I pressed play on my iPod to start setting the mood with all of our favorite songs. I dimmed the lights as the sounds of Luther filled the room. I had left a trail of rose petals—from the garage, through the kitchen, up the stairs, into our bedroom, then finally all over the bed. I wanted Greg to experience the alluring ambience the moment he walked through the door.

I checked, then triple-checked that everything—the wine, the rose petals, the scented sheets—was just right. But my smile faded when I noticed the time. It was eight thirty. Two hours past the time my husband had said that he’d be home. I immediately felt myself getting frustrated. I had moved heaven and earth to get someone to cover my shift at the hospital so I’d be home in time. I had hoped my husband could do the same.

I took a deep breath. I was not going to stress about tonight. Greg was a borderline obsessive-compulsive workaholic who was dedicated to his job as a successful investment banker. For our anniversary, though, I hoped he would try his best to relax and just enjoy himself. And tonight I was going to help him make that happen. He would relax, and we would rekindle the spark that had long ago been extinguished.

I threw on my silk robe and busied myself with my iPhone messages until I finally heard the door chime, signaling Greg was home. I glanced at the digital clock on the nightstand: 8:52.

Okay, Greg was late but not that late, I told myself. We could still salvage this night. I removed my robe and easedinto a sexy position on the bed. I plastered on a seductive smile and waited for the door to open.

A few minutes later, I glanced over at the clock again.


“Okay, what is taking him so long to get upstairs?” I mumbled.

When the clock hit 9:18, I had had enough. I got up, grabbed my robe, and made my way downstairs. That had to have been Greg coming in because our daughter, Liz, was spending the night with a friend.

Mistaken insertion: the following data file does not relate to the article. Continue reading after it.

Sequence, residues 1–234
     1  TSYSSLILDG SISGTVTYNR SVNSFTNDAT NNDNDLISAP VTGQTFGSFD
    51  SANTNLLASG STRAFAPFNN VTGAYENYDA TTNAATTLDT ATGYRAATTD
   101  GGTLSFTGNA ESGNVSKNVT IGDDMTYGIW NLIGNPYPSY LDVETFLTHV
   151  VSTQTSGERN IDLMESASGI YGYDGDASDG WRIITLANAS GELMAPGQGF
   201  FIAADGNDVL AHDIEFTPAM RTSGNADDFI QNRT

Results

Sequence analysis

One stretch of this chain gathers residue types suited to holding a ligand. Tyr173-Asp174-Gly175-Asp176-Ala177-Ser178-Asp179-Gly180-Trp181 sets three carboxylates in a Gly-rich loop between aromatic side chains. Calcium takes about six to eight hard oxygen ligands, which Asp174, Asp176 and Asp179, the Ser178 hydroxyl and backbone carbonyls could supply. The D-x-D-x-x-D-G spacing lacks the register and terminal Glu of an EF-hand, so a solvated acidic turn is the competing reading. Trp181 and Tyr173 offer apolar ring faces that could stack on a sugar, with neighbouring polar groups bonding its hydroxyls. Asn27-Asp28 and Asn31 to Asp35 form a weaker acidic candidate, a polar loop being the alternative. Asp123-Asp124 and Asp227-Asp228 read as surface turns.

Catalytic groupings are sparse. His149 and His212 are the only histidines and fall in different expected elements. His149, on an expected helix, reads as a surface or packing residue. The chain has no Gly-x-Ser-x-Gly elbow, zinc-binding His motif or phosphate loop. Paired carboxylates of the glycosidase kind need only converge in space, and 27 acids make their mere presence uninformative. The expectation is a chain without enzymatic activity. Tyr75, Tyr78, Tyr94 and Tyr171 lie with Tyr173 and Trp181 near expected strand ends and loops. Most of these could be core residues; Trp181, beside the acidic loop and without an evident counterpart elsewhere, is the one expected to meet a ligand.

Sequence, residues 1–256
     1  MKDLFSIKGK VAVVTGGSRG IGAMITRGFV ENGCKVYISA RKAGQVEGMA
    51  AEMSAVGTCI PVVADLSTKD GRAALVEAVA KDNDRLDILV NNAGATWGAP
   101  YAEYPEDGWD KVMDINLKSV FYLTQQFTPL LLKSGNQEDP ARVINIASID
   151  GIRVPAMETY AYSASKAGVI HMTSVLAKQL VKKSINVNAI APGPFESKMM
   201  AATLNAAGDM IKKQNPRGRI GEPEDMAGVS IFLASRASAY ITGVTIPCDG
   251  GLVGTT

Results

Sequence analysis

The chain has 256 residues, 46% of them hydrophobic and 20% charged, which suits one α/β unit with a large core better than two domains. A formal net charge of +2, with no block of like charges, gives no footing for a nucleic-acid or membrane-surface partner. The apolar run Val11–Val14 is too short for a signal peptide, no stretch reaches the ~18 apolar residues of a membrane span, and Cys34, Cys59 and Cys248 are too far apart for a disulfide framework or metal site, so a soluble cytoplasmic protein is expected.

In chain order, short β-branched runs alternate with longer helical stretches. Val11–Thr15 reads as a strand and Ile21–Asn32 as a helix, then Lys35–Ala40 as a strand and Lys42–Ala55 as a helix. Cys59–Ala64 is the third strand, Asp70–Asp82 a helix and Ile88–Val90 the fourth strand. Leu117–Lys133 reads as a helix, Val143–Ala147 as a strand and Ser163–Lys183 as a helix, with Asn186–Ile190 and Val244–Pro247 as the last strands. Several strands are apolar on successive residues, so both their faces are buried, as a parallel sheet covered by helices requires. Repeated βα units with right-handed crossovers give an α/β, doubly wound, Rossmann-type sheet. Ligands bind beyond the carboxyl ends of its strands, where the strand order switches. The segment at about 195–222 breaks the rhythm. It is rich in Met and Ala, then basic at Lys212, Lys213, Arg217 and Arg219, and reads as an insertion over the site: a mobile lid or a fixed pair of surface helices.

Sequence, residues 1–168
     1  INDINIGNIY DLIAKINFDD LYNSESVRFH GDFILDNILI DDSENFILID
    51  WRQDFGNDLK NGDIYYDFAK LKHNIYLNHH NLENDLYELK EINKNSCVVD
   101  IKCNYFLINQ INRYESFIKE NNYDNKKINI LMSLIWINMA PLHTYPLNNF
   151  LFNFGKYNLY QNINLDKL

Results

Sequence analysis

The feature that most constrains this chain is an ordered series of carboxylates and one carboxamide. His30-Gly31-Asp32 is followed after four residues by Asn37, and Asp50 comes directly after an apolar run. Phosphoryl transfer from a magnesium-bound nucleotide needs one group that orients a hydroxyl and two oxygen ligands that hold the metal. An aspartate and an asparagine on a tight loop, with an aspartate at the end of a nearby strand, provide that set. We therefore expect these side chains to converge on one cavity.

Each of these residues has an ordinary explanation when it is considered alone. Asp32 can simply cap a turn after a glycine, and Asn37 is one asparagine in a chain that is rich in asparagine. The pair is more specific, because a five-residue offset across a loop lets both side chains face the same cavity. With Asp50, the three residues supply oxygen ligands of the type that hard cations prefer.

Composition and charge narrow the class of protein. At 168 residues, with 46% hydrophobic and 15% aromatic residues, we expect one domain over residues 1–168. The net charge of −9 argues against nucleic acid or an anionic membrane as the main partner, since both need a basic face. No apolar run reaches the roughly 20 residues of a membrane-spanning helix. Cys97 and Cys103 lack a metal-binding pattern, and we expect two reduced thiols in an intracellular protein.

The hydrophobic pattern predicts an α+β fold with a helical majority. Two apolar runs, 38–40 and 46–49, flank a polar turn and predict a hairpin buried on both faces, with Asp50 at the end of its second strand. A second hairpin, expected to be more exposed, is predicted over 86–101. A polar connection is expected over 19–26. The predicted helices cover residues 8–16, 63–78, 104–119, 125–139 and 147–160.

I peeked out the small bay window near the staircase. Greg’s car was parked in the driveway, so he was home. What in the world was he doing? Surely he had seen the trail of rose petals.

I had just reached the middle of the stairs when I heard the vacuum cleaner. Not understanding, I descended a few more steps. Then my mouth fell open when I saw my husband vigorously vacuuming up the rose petals I had so meticulously laid out.

“What are you doing?” I screamed over the vacuum.

He glanced up. “Hey, babe, getting all this stuff up off the floor. Liz must’ve made a mess or something.”

I stared at my husband in disbelief. “Are you serious?”

He didn’t reply as he took the hose off the vacuum and began sucking up the petals off the stairs.

“Liz didn’t do that! I did!” I yelled over the vacuum.

He didn’t stop cleaning. “You did this? What did you spill?”

I picked up a few petals at my feet, then threw them at him. Of course, they didn’t do anything but flutter back to the ground. “I didn’t spill anything. I laid them out!It was a trail of rose petals.”

He looked at me like that was the dumbest thing I’d ever done.

“Well, you know I like to come home to a clean house.” He finally cut the vacuum off and started picking up the rose petals the machine hadn’t nabbed. “Why do you have all of this stuff laid out like this anyway?”

Only then did he glance up at me and notice the negligee. “What are you wearing?”

I wanted to cry. I knew we hadn’t been intimate in a long time, but this was ridiculous. “What does it look like I’m wearing, Greg?”